celebrates a goal during the round 16 AFL match between the Essendon Bombers and the Sydney Swans at Melbourne Cricket Ground on July 02, 2022 in Melbourne, Australia. (Photo by Darrian Traynor/AFL Photos/via Getty Images)

Over the leaner years of 2019 and 2020, in which they finished 15th and 16th, the Swans blooded that youth, with Longmire saying at the time that that phase was all about "exposing and looking at them in different positions and see(ing) what comes out of it".

Sydney's recruiting prowess can be inverted into being able to deal with parting ways with solid contributors, including Jordan Dawson and George Hewett in 2021.

Sprinkled into the Swans' mix is a smattering of old timers that were present in the last game of season 2012; Sam Reid, Josh P. Kennedy and Luke Parker - as well as Lance Franklin, albeit in the brown and gold of Hawthorn.

But the charm of this side's emergence is its homegrown talent, its young Sydneysiders who now play at the top level in their home town.

Rampe was plucked from University of New South Wales - East Sydney Bulldogs (UNSW-ES) when he joined the Swans.

UNSW-ES is also Errol Gulden and Nick Blakey's community club, a club that defeated Callum Mills' old stomping ground the North Shore Bombers in the AFL Sydney premier division grand final earlier this month.

With them are Braeden Campbell from the Pennant Hills Demons and Sam Wicks from the Manly Warringah Wolves, culminating in an eclectic representation of the eastern, or Swans' half of the city.

Also on Sydney's list are Sam Naismith (North Shore), Lachlan McAndrew (Manly), Marc Sheather (Pennant Hills) and James Bell (UNSW-ES).

The common denominator amongst the Sydney-based recruits, of course, being the Sydney Swans Academy, a 12-year-old venture into growing and developing footballing talent in New South Wales.

The Swans Academy, alongside those of the Gold Coast Suns, Brisbane Lions, and GWS Giants, were designed to address the paucity of access to the National Draft for young players in New South Wales and Queensland.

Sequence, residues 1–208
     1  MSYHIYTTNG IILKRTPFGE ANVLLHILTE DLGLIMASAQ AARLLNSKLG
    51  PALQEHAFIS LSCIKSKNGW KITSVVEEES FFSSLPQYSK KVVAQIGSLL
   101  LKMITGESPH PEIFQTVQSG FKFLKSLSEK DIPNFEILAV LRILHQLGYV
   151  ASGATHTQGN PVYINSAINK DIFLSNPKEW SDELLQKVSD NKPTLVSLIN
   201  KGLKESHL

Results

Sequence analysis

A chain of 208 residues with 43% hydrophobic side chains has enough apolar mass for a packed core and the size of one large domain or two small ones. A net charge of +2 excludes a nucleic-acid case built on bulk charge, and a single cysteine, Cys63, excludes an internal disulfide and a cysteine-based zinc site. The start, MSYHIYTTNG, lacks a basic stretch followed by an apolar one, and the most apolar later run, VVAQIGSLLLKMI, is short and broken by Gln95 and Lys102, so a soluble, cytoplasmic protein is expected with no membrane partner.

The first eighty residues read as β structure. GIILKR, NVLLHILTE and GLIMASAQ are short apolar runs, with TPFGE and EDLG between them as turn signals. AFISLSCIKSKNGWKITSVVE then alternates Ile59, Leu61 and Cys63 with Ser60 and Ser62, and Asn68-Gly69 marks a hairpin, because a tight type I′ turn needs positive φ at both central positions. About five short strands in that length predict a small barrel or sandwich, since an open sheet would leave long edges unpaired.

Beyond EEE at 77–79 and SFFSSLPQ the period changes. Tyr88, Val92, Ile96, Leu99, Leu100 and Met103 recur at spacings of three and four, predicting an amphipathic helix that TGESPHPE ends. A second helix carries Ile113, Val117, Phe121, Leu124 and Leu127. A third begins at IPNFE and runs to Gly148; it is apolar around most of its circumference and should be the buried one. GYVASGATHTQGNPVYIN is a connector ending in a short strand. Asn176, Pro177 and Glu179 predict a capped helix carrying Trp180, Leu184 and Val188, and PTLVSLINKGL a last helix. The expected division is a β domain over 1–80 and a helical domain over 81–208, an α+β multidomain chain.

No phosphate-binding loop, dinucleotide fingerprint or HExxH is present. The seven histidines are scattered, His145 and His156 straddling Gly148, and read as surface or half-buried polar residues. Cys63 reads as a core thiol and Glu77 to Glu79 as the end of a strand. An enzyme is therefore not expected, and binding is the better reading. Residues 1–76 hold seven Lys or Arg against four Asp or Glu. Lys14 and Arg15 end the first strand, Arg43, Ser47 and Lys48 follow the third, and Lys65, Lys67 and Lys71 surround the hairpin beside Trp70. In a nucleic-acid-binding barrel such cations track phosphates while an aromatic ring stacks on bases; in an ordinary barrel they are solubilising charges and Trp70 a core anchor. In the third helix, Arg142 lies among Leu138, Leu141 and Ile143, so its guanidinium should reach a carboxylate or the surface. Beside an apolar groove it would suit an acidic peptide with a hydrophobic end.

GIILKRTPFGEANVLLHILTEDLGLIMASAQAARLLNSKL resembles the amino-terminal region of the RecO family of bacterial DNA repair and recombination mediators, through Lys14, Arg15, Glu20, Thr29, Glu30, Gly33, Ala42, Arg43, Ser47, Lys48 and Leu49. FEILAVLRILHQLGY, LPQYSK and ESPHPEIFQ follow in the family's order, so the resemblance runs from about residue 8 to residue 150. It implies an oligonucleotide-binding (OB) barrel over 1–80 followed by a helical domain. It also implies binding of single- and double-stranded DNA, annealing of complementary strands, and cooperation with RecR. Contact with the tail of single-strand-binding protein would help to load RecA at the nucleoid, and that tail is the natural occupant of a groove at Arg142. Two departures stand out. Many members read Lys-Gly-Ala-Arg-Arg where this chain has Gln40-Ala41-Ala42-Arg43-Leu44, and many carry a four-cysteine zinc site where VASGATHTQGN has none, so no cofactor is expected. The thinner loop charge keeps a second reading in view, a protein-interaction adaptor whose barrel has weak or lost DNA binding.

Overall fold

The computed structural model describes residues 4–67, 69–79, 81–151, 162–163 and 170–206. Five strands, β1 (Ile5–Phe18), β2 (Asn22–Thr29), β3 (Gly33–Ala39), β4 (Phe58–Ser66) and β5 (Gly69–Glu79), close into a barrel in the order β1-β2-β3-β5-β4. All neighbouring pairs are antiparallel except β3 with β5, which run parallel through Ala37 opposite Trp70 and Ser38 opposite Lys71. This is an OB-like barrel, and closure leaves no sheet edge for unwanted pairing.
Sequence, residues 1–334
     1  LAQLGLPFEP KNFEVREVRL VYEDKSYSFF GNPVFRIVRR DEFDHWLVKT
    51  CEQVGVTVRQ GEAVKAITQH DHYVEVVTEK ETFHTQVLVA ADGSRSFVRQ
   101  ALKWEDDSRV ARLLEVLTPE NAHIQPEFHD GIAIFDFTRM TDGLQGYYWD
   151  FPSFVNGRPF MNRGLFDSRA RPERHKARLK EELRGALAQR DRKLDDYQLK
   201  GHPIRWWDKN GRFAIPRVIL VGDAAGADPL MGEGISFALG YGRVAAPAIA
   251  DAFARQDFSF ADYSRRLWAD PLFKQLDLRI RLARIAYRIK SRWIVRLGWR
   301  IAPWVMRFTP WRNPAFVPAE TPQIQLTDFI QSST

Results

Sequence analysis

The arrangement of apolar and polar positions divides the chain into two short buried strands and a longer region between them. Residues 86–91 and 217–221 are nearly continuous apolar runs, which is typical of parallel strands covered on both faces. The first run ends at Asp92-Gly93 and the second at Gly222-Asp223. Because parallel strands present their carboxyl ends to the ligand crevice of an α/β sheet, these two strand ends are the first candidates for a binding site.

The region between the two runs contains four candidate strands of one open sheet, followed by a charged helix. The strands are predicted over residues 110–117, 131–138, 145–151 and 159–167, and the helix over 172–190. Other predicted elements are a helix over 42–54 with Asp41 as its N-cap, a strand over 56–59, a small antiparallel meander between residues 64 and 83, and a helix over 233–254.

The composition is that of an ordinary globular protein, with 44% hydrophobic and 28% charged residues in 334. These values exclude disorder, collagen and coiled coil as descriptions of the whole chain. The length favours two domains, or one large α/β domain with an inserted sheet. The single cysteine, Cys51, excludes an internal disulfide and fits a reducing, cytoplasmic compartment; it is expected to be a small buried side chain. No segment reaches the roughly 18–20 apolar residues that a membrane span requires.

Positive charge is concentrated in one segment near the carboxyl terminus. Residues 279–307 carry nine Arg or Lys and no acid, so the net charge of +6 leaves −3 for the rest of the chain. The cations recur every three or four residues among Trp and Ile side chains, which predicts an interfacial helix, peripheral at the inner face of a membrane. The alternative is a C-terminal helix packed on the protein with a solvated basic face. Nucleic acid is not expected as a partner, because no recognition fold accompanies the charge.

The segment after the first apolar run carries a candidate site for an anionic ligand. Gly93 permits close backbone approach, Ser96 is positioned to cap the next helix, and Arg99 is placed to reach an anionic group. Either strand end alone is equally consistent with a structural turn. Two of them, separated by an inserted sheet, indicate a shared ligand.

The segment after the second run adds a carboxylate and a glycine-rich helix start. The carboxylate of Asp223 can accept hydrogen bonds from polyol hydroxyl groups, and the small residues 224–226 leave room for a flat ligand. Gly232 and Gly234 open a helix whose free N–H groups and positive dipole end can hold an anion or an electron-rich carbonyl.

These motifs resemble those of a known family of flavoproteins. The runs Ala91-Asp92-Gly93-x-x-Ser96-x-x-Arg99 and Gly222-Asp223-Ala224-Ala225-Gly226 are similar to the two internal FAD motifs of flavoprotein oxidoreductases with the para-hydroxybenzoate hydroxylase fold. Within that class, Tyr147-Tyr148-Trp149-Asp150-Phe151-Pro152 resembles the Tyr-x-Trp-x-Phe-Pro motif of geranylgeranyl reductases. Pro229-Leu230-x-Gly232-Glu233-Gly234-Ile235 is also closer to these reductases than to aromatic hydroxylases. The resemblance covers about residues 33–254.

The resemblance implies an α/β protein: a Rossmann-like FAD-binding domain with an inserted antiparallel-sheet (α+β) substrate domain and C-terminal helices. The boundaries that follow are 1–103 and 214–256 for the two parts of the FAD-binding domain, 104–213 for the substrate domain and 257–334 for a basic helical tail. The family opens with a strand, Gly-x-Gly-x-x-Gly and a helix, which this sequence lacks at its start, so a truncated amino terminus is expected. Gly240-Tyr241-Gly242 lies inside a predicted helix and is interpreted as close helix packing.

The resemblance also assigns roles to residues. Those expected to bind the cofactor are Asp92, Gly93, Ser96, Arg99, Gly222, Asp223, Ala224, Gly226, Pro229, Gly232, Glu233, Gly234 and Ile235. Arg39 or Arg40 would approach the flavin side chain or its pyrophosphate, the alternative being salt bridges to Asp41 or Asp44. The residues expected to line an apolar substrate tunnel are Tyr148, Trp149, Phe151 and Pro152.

Using the existing brands of the AFL teams, their intention is to establish and develop a talent base in non-traditional AFL zones of the country, to then nurture and grow to a level where it rivals the talent base and access to the draft across the rest of the football-loving states.

Sydney have maintained an advantage in retaining and investing in its young talent despite the restrictions being placed on them through the draft value index, but the major concession the Swans make in this space is the Academy's $1 million per year price tag.

It's clear that New South Wales, the country's most populous state, has a stack of sporting talent that may not have been directed to Australian rules football otherwise, with just 17 players from New South Wales picked up in the draft in the ten years to 2014.

Lewis Roberts-Thomson, Kieren Jack, Nick Davis and Jarrad McVeigh have been widely heralded as recent Sydney-bred stars of the game, although at times viewed as outliers.

But now, Sydney's team is represented by a fair pick of New South Welshman, the fruits of the academy no more evident than the Newcastle-produced Isaac Heeney's one-liner post-game last Saturday night.

"I chose the right sport, that's for sure," he said.